It's difficult to make out the Rowan flowers in this picture but they are there and are loved by the bees, except when I have my camera to hand that is. 
 
 
The new bed, which is the feature of my End of Month View blogs has plenty in bloom this June.  I'm going to be frank and tell you all - I'm not happy with it this June!  My vision back in February is not what I've produced.  I was in two minds whether to post about what was blooming in this bed, I struggled on and took individual photos of all the blooms but felt that was cheating and then considered how helpful some of you might be by casting a neutral eye over it and giving me your honest opinion.  I think know where I've gone wrong - it's either the pokers or the lupins.  The lupins should have been red, which I think might have drawn the eye down from the pokers on the back tier.
 
 
 
As it turns out, the 3 red Lupins I planted ended up blue, purple and a deeper blue.  Certainly not red is clearly shows and describes on the label!  A chance you take I suppose when buying young plants very early in spring, that will teach me for trying to grab a bargain!  This hasn't happened to me too often I'm glad to say.  Isn't it annoying.  Thank goodness I don't have a Chelsea Show Garden to plant up.       
 
 
I like the paeony and Primula together, even with the deep purple of the Clematis and orange of the climbing rose on the top tier thrown into the mix, it's not unpleasant to the eye.  Deutzia Strawberry Fields also blends right in, I feel.
 
 
 
I also like the Poker and Primula together - please excuse the blue Primula in the shot, that's for elsewhere in the garden.
 
 
But marrying them together is proving difficult.  Still, that's gardening I suppose!  I do understand that gardening is a personal preference and each of you will have a different opinion, either way, I'd love to hear your thoughts.  If you'd like to express them that is! 
 
Well that's my bloom day post, you've had your lot!  Please join me and other garden bloggers over at May Dream Gardens.  It's the place to be on the 15th of every month.  Garden bloggers from around the world open their gardens and share with us all their blooming delights! 

Friday, 6 June 2014

Was it worth the wait?

You bet it was!

When my brother moved into his house back in 2010, he had a reasonably well stocked garden.  Very little of it too my taste and certainly not his!  He doesn't do gardens!  End off!  There was a raised bed in his back garden that looked like it hadn't been touched in years, it was over run with all sorts.  In amongst the weeds, Japanese anemones and the cornflowers (centaurea montana) and many more were some huge clumps of Iris - bearded Iris judging by the size of the sword like foliage I told myself.  I'm no Iris expert, far from it - they could have been anything really but that was my guess and I was sticking by it.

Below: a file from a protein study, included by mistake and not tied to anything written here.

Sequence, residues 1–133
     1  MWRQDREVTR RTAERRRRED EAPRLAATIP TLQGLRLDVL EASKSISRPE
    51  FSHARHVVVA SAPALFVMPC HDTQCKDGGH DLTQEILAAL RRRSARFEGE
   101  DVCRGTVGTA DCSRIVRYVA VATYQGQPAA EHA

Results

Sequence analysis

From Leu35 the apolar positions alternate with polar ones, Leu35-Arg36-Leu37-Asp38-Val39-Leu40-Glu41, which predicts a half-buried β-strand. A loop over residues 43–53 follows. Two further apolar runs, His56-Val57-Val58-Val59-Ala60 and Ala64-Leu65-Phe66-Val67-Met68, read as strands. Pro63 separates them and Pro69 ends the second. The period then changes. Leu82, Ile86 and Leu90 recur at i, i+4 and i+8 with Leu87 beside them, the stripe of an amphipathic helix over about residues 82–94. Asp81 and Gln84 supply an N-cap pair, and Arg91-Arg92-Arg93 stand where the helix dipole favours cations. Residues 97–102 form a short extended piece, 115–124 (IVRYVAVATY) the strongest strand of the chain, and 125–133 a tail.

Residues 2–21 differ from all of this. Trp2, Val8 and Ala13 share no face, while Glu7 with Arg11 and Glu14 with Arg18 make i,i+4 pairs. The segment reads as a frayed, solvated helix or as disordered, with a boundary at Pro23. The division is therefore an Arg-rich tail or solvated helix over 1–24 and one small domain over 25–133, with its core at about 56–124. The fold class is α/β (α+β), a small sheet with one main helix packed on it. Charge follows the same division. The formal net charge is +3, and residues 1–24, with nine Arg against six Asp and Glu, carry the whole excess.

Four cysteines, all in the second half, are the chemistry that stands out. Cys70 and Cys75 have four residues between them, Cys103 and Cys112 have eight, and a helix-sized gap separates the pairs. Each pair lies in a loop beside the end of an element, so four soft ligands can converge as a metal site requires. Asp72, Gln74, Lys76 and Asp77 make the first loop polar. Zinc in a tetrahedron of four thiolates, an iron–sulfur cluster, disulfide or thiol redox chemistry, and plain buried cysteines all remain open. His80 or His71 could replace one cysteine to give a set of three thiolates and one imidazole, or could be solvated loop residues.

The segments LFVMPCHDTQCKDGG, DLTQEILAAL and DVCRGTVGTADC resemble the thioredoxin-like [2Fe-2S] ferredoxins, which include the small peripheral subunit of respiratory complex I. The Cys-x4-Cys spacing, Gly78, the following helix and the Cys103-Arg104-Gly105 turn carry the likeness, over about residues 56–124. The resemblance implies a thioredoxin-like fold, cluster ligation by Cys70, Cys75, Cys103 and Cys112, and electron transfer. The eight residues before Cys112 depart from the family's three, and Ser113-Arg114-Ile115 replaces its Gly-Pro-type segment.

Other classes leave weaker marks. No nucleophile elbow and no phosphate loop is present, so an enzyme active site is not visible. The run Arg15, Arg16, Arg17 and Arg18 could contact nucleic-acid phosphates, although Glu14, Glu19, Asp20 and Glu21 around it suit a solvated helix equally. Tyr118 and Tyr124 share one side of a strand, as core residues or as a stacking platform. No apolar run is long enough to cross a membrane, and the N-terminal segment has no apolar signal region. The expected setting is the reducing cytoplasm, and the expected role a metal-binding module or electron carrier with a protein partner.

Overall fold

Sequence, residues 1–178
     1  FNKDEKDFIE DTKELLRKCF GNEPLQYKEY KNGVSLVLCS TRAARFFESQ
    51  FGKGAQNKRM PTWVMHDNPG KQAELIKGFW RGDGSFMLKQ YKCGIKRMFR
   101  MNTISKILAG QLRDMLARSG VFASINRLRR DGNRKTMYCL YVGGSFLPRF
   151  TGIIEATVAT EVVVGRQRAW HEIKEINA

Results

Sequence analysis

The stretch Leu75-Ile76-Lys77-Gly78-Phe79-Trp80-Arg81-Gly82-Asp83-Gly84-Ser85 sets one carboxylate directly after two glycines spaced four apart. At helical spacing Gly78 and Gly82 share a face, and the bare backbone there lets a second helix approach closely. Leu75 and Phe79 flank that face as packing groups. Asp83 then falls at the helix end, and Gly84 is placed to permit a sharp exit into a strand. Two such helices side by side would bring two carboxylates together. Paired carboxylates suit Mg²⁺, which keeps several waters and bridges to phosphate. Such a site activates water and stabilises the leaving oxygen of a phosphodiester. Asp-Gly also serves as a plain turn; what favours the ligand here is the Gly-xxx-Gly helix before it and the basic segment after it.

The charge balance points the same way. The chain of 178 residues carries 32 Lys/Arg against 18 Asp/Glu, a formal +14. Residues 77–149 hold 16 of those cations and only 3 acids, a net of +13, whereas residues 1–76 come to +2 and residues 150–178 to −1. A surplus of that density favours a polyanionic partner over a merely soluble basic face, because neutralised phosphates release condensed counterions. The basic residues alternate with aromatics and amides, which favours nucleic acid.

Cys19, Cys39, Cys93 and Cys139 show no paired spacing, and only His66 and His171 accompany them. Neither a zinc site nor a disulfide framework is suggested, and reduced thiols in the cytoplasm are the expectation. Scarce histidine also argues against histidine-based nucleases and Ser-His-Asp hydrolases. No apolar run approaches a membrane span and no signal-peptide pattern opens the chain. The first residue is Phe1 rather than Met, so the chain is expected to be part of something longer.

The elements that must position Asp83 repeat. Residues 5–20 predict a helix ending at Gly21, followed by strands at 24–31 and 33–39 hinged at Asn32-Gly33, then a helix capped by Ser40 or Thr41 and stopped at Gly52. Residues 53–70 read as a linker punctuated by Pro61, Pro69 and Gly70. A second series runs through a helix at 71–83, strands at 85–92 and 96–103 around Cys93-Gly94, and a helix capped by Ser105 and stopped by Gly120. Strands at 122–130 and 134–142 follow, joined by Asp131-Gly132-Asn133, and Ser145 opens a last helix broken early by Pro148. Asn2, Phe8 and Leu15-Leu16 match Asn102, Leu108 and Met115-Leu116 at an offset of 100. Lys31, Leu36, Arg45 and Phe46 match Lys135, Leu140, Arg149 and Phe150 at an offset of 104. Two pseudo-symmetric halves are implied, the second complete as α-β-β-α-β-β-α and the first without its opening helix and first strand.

He announced that this was the spot his shed was going into and if I wanted anything, I'd best take it soon because it's all coming out!  Without any consideration (at that time I knew no better) I came armed with spade and fork first thing the following morning.  Some of the clumps were so large they were almost impossible to lift.  My only choice was to slice through what I could and take a piece of each, leaving him with the impossible job of getting the rest out.

The only piece of knowledge I had concerning Iris was that they like sun - yep, sun!  That was it.  A quick internet search then told me they needed to be planted on the surface in order their Rhizomes bake in the hot sun.  That made sense, when I considered how near to the surface they were when I attempted to lift them.  When I got them home, I chose a sunny spot in the back garden and lifted some turf.  Dug over the entire area and proceeded to plonk them on, rather than in!  I covered the roots and firmed them in.  Ensuring the rhizomes were still on the surface.  I religiously watered for the remainder of the summer.  They hadn't died and had began sprouting some new foliage.  Autumn and winter came and went - come springtime I was confident they were still alive.  As the year went on, sadly they produced no flowers but they were still alive.  Maybe next year - I kept telling myself.